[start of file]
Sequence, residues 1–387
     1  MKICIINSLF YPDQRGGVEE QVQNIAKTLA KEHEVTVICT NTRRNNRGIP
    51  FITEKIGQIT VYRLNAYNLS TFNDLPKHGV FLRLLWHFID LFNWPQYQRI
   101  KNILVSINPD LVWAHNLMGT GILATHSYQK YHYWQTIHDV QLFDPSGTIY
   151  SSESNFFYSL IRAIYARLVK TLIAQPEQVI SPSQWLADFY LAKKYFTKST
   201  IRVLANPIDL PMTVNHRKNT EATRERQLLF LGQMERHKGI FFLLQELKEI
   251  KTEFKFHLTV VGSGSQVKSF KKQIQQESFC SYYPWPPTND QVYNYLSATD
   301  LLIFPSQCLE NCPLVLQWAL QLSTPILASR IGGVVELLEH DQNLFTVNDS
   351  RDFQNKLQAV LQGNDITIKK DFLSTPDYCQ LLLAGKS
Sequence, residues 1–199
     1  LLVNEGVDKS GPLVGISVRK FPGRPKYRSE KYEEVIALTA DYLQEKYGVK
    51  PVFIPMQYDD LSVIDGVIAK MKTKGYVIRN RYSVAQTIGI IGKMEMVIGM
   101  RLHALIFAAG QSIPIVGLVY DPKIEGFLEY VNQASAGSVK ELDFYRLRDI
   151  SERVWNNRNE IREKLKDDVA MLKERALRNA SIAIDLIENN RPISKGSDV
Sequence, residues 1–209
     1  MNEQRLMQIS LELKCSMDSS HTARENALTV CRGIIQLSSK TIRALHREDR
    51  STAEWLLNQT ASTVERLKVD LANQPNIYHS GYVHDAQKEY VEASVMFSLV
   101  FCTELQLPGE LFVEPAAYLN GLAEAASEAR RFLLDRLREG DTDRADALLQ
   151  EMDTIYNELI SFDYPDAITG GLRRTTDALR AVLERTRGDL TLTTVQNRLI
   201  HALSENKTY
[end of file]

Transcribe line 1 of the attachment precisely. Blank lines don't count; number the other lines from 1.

Sequence, residues 1–387